REUTERS | Corbis
REUTERS | Maxim Shemetov

I always enjoy reading Coulson LJ’s judgments as he explains things so clearly. Therefore, you’ll not be surprised to see that this week I’m looking at his judgment in C Spencer Ltd v MW High Tech Projects UK Ltd, where he upheld Farrell J’s October 2019 judgment. To be fair, I like her judgments too (although we’ve not had the benefit of so many of those yet), and I also wrote about that judgment at the time. Continue reading

REUTERS | Carlos Jasso

“Documents create a paper reality we call proof.”

(Mason Cooley, American writer, 1925 – 2002)

Construction and engineering projects, and the disputes that sometimes arise from them, throw up a great deal of paperwork and data. While that is probably true of the majority of joint enterprises that continue over a substantial period, it is ensured in construction and engineering projects by contracts which typically require the creation of long paper-trails of minutes, progress reports, programme updates, cost data, notices, instructions, certificates and determinations throughout the project.

In modern times, we can also add to the above list the less formal means of communication that are now prevalent. Even where a formal project correspondence or collaboration system is used (and is supposed to be used exclusively), people may still send emails on the side (sometimes copying in colleagues, sometimes not; sometimes from their formal work email, sometimes from a personal address but using their employer’s device). We have recently seen increased use of messenger apps such as WhatsApp to transmit what would traditionally have been formal communications between individuals – even attaching documents or other images, sometimes saying things unofficially that could be used against the individual or their company. Continue reading

REUTERS | Hannah McKay

The TCC has just handed down judgment in Yuanda (UK) Company Ltd v Multiplex Construction Europe Ltd and another, which will be of interest to the construction industry as it deals with how ABI-type performance bonds operate.


In July 2014, Yuanda entered into a sub-contract with Multiplex for façade works on a major project at Blackfriars Road. The sub-contract was based on a JCT Design and Build Sub-Contract, 2011 Edition. Yuanda also procured a “Guarantee Bond” in favour of Multiplex in the sum of £4,411,490.70 that had an expiry date of 4 April 2020 – referred to in the judgment as the “Guarantee”.

The main contract works were delayed, as were those under the sub-contract. Yuanda believed it was entitled to an extension of time, a view not endorsed by Multiplex. Multiplex settled certain claims under the main contract, part of which was a payment of £7.5 million of liquidated damages (LDs) to the employer. Multiplex sought to recover this sum from Yuanda. This claim was rejected by Yuanda, who in turn raised a claim of circa £7 million as part of its final account.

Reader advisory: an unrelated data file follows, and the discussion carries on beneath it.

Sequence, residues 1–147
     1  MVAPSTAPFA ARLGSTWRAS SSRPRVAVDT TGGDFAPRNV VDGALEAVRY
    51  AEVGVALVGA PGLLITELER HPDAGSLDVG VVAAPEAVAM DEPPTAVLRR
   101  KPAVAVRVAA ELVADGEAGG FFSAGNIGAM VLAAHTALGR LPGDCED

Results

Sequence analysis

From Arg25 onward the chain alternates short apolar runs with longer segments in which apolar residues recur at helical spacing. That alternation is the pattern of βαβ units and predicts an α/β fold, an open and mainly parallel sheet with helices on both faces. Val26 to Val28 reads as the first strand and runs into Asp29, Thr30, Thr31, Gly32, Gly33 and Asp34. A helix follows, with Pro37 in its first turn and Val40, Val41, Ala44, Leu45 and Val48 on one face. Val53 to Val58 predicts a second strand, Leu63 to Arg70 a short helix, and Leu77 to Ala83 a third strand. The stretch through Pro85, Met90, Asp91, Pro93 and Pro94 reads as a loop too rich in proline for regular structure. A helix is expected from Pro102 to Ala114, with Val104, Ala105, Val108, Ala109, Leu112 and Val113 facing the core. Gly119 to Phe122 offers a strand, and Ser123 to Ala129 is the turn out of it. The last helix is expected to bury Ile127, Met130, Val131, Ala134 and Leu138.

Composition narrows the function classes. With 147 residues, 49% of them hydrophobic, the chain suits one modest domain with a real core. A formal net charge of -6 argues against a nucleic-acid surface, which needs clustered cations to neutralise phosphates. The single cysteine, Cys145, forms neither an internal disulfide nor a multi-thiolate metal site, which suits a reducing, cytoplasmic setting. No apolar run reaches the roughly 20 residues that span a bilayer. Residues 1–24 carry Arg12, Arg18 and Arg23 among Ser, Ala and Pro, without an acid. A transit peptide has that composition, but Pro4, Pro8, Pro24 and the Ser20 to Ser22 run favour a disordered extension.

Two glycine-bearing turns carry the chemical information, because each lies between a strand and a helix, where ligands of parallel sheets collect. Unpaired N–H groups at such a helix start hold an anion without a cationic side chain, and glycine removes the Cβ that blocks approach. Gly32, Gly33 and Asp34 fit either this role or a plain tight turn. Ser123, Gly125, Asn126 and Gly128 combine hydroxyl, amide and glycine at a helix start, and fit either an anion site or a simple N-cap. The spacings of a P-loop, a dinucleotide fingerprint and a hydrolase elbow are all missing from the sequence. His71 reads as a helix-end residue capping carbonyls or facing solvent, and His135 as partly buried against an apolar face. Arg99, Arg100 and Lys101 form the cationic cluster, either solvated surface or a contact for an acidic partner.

Multiplex commenced an adjudication against Yuanda on 2 December 2019, although the parties agreed that the adjudicator would have until 6 March 2020 to make his decision. On 17 January 2020, Multiplex made a call on the Guarantee. Continue reading

REUTERS | David Mdzinarishvili

It is almost 30 months since Jonathan wrote about BEIS’s consultation on the 2011 amendments to the Construction Act 1996. As I’m sure everyone knows, the amendments were introduced by Part 8 of the LDEDC Act 2009. A couple of months later, Jonathan followed up on his initial piece and also wrote about BEIS’s consultation on cash retentions, which was running in parallel.

Fast forward to February 2020 and the government has finally published a summary of the responses to the Construction Act 1996 consultation and the cash retentions consultation. As adjudication doesn’t really feature in the context of cash retentions, I thought I’d focus on the comments in relation to adjudication in the Construction Act 1996 consultation. Continue reading

REUTERS | David Mercado

For many in the construction industry there is a degree of inevitability that a commercial dispute will arise during the delivery of their project. It’s a view that has some substance as the industry is still seen as adversarial and divisive, with complex, protracted and costly disputes being something of the norm.